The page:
“They’re starting to make mistakes,” begins a viral tweet by US-based anti-lockdown activist Stacey Rudin, posted on 27 November 2021.
It’s not clear who “they” are, but the tweet seems to accuse the World Health Organization (WHO) and World Economic Forum (WEF) of a conspiracy related to the new Omicron variant of Covid-19.
They’re starting to make mistakes.— Stacey Rudin (@stacey_rudin) November 27, 2021
WHO just said that “Omicron” was first reported by South Africa on 11/24/21.
However, WEF reported this EXACT same “variant”—B.1.1.529, out of South Africa—way back in July.
“WHO just said that Omicron was first reported by South Africa on 11/24/21,” the tweet reads. The US date format refers to 24 November 2021.
“However WEF reported this EXACT same ‘variant’ - B1.1.529, out of South Africa - way back in July.”
It ends with: “Oops.”
The tweet includes two links. One is to the WHO’s 26 November announcement that Omicron, with the lineage identification of B.1.1.529, had been classified as a variant of concern.
The other link is to a WEF explainer dated 26 November 2021 and headlined “This is how scientists detect new variants of Covid-19”.
Screenshots of the tweet have been doing the rounds on Facebook in South Africa.
Did Omicron – “B1.1.529, out of South Africa” – really appear in a WEF article “way back in July”?
What are variants?
The technical name for the new coronavirus that causes Covid-19 is severe acute respiratory syndrome coronavirus 2, or Sars-Cov-2.
Viruses are little more than genetic material wrapped in protein, so they mutate quickly. These mutated viruses are known as strains or variants, and are classified into lineages.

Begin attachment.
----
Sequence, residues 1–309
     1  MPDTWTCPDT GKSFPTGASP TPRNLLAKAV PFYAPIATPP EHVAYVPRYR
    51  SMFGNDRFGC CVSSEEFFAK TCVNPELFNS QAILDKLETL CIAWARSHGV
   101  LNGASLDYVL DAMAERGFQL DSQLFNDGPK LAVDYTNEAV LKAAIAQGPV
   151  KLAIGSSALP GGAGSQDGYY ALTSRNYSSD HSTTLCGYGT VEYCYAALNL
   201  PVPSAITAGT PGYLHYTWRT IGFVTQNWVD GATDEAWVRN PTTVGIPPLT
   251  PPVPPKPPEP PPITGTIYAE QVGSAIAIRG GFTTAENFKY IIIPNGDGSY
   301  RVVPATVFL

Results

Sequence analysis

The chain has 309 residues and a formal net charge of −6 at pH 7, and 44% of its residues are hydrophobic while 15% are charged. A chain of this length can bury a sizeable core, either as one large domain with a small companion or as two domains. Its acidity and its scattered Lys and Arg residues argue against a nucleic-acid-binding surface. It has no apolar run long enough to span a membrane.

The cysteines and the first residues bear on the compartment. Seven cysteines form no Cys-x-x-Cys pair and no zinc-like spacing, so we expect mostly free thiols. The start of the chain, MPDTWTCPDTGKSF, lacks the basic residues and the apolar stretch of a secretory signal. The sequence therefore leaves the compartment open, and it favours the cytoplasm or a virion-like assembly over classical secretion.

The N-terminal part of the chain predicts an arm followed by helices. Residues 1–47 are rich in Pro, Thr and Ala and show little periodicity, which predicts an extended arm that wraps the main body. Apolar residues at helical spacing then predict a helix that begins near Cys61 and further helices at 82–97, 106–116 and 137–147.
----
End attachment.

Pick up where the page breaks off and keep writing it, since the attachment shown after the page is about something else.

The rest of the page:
Some variants are less infectious and die out quickly. But other mutations can make the variant more infectious, or cause more severe Covid-19 illness, or reduce the performance of vaccines, treatments and social measures. These become variants of concern.
There are currently five Sars-Cov-2 variants of concern: Alpha, Beta, Gamma, Delta and, now, Omicron.
Omicron was first detected on 22 November by the Network for Genomics Surveillance in South Africa, with a high frequency in the densely populated Gauteng province.
World Economic Forum explainer updated
The confusion in Rudin’s tweet may be from a lack of appreciation that websites can be updated.
The WEF explainer she links to – headlined “This is how scientists detect new variants of Covid-19” – was indeed first published on 12 July 2021.
But it was updated on 26 November to include information on the newly identified Omicron.
A disclaimer at the top of the explainer reads: “This article was originally published on 12 July 2021. It was updated on 26 November to include information about the new strain, B.1.1.529.”
The Wayback Machine, a project of the Internet Archive, saves the pages on websites as they appear over time. In July 2021, it saved the original version of the WEF explainer.
The original does not mention Omicron or B.1.1.529.
The World Economic Forum did not report on Omicron back in July 2021, long before the variant was identified and named. It simply updated its July 2021 article, in November 2021, to include information on Omicron.
For publishers: what to do if your post is rated false
A fact-checker has rated your Facebook or Instagram post as “false”, “altered”, “partly false” or “missing context”. This could have serious consequences. What do you do?
Click on our guide for the steps you should follow.Publishers guide
Africa Check teams up with Facebook
Africa Check is a partner in Meta's third-party fact-checking programme to help stop the spread of false information on social media.
The content we rate as “false” will be downgraded on Facebook and Instagram. This means fewer people will see it.
You can also help identify false information on Facebook. This guide explains how.
Add new comment